(I'll be going through this as if the hamster being bought is a Syrian, however getting a dwarf hamster is honestly not much cheaper.)
The RPSCA minimum recommended cage size for any species of hamster is 75 by 40 centimetres, which equates to 3,000 square centimetres of floorspace. For a Syrian hamster, my personal recommended minimum cage size is 80 by 50 centimetres, or 4,000 square centimetres. This is far more space than most cages sold as suitable for a hamster -- in fact, the only cage suitable for a Syrian hamster sold in store in the well known big green pet store here in the UK is the Ferplast Mary rat cage. At 80 by 50 centimetres, and 37 centimetres tall, it is widely regarded to be too small for a pair of rats, but makes a good sized Syrian home. This cage, however, currently retails in said pet store for £70. (The store also sells the Hamster Heaven, but only online, not in store, and it can be found cheaper elsewhere.)
Buying online is definitely the way to go to get a good sized cage without breaking the bank. The Alaska, at 84 by 48.5 centimetres, is larger than the Mary and is currently available at zooplus.co.uk for £39.90. The Mamble 80 is also good value for money, currently at £34.99 at littlepetwarehouse.com. If you want to go larger, the Mamble is also available from littlepetwarehouse in a 100 by 54 centimetre version for (currently) £44.99. Another cheap option is making a bin cage; the Ikea Samla bin at 78 by 56 centimetres makes a good sized Syrian home. This does, however, require a bit of DIY!
Lets say you decide to go for the Alaska cage. That's nearly £40 spent on the cage alone. The next important item is the wheel. Most wheels aimed at Syrian hamsters are only suitable for the dwarf species, and a wheel with a diameter of at least eight inches is needed, as a hamster needs to have a flat back when running. Personally I would not recommend buying a wheel less than eleven inches in diameter for a Syrian, as there is no such thing as a too big wheel, but a too small wheel can cause back pain and spinal issues. Since we're on zooplus already, lets get the Trixie Rodent Wheel. This is a plastic wheel, so is easy to clean, that isnot going to break the bank -- the 28 centimetre (eleven inch) version is currently available at £7.99. Other options include the 12 inch flying saucer and the 29 centimetre Karlie Wonderland wheel (both currently £11.90).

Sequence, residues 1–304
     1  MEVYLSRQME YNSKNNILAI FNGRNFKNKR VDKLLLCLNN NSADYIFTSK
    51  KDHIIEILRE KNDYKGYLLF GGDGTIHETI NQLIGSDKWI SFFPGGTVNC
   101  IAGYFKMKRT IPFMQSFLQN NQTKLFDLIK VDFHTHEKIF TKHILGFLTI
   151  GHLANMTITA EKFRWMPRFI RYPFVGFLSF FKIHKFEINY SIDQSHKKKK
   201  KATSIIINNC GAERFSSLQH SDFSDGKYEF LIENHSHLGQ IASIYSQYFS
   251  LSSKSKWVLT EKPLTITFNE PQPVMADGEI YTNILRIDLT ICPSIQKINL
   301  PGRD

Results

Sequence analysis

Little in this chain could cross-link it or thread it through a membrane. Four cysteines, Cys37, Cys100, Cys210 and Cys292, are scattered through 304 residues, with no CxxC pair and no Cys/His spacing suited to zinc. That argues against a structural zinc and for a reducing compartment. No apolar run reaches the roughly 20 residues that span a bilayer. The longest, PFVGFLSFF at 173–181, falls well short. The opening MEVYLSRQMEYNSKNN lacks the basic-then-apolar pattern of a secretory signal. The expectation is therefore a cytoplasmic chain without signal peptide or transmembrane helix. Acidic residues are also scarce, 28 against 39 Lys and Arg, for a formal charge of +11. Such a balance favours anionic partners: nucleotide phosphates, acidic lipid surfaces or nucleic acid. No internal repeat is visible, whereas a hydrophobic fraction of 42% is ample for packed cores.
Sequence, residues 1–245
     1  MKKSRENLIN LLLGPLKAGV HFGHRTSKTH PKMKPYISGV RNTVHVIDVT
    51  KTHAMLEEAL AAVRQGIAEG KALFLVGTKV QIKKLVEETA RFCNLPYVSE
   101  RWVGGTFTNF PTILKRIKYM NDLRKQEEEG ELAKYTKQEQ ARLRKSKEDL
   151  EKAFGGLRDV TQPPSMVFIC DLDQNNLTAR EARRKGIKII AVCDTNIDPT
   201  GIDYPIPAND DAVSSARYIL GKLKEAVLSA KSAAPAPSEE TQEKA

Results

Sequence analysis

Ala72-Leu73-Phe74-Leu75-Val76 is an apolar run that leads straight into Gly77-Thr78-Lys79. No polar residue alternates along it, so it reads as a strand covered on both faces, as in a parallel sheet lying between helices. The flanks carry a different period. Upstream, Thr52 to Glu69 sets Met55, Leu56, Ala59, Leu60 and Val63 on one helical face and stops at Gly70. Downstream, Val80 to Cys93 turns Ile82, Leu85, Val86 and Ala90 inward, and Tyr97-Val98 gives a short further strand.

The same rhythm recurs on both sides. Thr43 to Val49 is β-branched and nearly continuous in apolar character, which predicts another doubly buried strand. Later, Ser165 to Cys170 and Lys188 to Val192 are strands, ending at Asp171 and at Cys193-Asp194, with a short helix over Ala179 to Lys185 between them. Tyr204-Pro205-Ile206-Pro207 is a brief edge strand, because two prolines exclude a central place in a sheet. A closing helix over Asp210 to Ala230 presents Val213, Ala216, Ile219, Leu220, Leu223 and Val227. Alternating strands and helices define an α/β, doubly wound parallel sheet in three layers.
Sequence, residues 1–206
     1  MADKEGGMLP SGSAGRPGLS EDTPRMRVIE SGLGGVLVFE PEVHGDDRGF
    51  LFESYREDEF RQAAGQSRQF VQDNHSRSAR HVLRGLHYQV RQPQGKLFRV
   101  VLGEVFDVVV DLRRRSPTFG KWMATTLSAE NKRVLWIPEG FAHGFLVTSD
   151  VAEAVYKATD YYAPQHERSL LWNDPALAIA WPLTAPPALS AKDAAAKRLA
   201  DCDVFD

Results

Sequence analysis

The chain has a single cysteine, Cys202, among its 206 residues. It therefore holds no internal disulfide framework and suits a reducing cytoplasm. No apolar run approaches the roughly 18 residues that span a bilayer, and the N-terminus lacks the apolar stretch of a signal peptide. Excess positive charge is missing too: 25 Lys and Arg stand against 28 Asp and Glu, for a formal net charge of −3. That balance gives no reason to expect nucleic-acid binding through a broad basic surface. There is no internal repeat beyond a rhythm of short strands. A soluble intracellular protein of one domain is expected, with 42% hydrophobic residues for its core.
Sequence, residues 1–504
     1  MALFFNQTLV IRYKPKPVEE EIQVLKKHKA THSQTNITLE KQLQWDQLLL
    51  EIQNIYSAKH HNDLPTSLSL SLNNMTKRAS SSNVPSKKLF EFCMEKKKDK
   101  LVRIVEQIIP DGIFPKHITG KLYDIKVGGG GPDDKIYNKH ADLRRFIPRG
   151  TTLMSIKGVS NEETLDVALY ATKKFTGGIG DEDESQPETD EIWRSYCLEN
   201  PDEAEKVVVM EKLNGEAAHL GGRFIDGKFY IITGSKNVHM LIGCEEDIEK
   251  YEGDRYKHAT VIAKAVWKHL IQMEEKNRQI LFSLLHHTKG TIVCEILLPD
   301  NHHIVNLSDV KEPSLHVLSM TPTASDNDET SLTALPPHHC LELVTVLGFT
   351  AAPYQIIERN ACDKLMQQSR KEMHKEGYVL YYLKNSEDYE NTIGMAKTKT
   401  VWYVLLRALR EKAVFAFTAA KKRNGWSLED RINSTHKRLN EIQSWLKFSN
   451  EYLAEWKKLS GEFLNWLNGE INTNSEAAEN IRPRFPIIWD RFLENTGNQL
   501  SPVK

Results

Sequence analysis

|Annie's old Ferplast Mary and Trixie Rodent Wheel, plus|
her Ferplast rat tube
There are also other things that you may want to buy for your hamster that are not strictly necessary, like a house (a cardboard box will do fine from the hamster's point of view) or a food bowl (scatter feeding is actually an enrichment activity for the hamster). If you want to buy a house, a "guinea pig" corner house that is the perfect size for Syrians is currently on zooplus for £7.49. Similarly, a hamster food bowl is currently £1.59 on zooplus. A "must have" toy in my opinion is the bendy bridge, with the medium one, ideal for Syrians, currently £2.79 on zooplus. A Ferplast rat tube (most "hamster" tubes are too small for Syrians) is currently £6.99 from zooplus. A small hamster climbing frame from zooplus is currently £3.99. If you want to potty train your hamster, a Trixie corner toilet is currently £3.29 from zooplus, and a kilogram of chinchilla sand is currently £3.99. Most Syrians will use sand bath as a potty, and they may also love digging in it and using it to clean themselves like dwarf hamsters will.
Then there are also hamster treats. A bag of JR Farm mixed flavour yoghurt drops is £1.39 from zooplus. Dreamies cat treats are loved by my Syrian, and a 60 gram bag of these is currently £1.49 from zooplus. A 200 gram bag of mixed nuts by JR Farm is currently £2.99.
Finally, there is pet safe cleaner for cleaning out the cage, which can be got from the big green pet store for £3.50.
Even with buying all of this online, often at discounted prices, this comes up to a lot:
|An old layout of Annie's Ferplast Mary.|
Eleven inch wheel: £7.99
Water bottle: £1.50
Food bowl: £1.59
Sand bath/potty: £7.28
Pet safe disinfectant: £3.50
Yes, you read that right. It costs just over £100 to get this rather basic set up for a £10 hamster. True, some of the things are not necessary, and you can buy cheaper toys or make some yourself, but hamsters are not cheap to look after properly. This total would be even higher if it was all bought in stores rather than online; obtaining all of the essentials, a handful of different toys and treats from the big green pet store would cost nearer £150 to £160. Plus there is the emergency vet fund to consider, which depends on how expensive your local small animal vet is.
If you think hamsters are cheap children's pets, well, think again!